3. Principles

There are a number of principles which underpin this guidance:

  1. Adults can make lifestyle choices contrary to what is perceived to be common sense. Attempts to intervene must be proportionate and reasonable;
  2. Partnership approach should be used in cases where appropriate to enable powers and abilities of difference organisations to be implemented;
  3. Emergency responses will still require immediate contact with fire, police or ambulance service;
  4. A multi-agency Risk Management Meeting to discuss concerns, with the involvement of the adult at risk, should be a starting point. Organisation’s remain responsible for their role in supporting adult at risk to address the concerns;
  5. Doing nothing and/or closing a case before risk has been reduced to an acceptable level with actions to minimise harm and repeat occurrences is not an option; this exposes the adult at risk to ongoing or increased harm and organisations to a failing in their duty.

Self neglect and hoarding is a complex area to work with; it requires confidence, persistence and resilience. This includes a willingness to engage in practical but unpleasant tasks at times, sometimes assertive outreach, sometimes to ask what has been described as ‘care-frontational questions’. Therefore greater account should be taken in the allocation of such work of practitioners’ special interests and skills. Moreover the work can prove emotional, challenging, anxiety-provoking and frustrating. This requires recognition and containment so supervision, which includes checking out the practitioner’s own emotional and physical wellbeing, and health and safety, is essential. It enables practitioners to reflect, to talk through cases and the dilemmas they present, and to explore possible innovative ways to engage and practise. The support of team and multi-agency colleagues is therefore critical too, for sharing ideas and debriefing.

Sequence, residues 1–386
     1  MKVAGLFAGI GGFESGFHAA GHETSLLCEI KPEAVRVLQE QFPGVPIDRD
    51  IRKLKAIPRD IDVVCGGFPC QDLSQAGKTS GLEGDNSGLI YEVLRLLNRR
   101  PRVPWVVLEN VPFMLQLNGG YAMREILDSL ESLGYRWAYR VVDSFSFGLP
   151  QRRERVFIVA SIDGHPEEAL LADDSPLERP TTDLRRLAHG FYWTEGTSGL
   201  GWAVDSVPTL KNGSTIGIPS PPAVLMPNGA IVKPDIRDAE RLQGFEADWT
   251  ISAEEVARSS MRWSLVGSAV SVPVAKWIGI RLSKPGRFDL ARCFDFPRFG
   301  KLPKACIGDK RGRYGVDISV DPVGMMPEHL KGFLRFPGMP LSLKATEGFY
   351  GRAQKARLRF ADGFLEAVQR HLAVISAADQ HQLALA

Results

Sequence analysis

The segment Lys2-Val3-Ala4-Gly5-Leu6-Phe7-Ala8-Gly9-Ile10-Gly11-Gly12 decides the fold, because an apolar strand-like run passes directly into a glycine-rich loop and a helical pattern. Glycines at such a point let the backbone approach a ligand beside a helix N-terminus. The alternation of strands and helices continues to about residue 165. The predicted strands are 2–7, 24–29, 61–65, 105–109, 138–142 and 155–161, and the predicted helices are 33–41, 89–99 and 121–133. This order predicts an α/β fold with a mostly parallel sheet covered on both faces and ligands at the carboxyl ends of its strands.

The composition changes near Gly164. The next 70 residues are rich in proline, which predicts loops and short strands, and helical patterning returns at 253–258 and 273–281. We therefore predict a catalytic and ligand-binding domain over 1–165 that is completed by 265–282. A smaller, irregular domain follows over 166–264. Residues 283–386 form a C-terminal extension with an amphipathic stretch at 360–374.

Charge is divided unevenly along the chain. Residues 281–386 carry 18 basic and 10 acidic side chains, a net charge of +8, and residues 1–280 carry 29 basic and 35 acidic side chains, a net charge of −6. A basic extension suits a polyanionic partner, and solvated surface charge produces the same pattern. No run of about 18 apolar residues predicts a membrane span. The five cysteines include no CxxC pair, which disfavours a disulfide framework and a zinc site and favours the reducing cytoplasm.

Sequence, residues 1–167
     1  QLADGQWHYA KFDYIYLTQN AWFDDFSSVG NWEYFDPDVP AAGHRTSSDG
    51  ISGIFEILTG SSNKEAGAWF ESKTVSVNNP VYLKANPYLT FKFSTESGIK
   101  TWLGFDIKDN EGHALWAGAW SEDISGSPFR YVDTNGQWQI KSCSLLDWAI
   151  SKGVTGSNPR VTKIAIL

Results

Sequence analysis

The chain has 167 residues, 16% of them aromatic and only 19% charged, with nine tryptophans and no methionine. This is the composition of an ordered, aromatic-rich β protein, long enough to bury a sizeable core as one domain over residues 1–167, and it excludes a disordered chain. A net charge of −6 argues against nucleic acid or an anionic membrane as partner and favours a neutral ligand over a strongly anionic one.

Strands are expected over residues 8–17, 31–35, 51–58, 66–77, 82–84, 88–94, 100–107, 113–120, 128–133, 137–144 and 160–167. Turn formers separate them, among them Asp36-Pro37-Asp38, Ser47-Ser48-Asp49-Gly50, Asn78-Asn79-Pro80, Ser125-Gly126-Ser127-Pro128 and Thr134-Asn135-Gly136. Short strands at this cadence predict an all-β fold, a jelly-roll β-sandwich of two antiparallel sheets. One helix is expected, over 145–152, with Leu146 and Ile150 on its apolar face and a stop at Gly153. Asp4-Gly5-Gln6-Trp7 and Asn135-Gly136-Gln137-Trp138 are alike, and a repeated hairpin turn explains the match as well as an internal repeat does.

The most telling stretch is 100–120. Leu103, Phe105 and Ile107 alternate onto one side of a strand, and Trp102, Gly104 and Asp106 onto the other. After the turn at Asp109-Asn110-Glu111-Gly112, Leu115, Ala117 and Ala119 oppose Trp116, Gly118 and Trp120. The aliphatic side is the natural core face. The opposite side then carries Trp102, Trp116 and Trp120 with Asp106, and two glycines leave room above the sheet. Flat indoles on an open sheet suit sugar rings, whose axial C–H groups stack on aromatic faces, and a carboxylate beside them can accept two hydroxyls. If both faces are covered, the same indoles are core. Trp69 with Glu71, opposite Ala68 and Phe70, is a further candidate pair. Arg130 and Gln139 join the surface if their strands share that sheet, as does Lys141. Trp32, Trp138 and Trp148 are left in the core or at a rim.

4. Mental Capacity

Adults should be presumed to have capacity; there may be cases where a person may lack understanding and insight into the impact of their actions / inactions on their or other’s wellbeing. When an individual’s behaviour or circumstances cast doubt as to whether they have capacity to make a decision, then a capacity assessment should be carried out in line with the Mental Capacity Act (MCA) 2005. Professionals must act in accordance with the MCA and the overriding principle that every action is carried out in the best interest of the person concerned, including regard to what are believed to be the person’s wishes and feelings.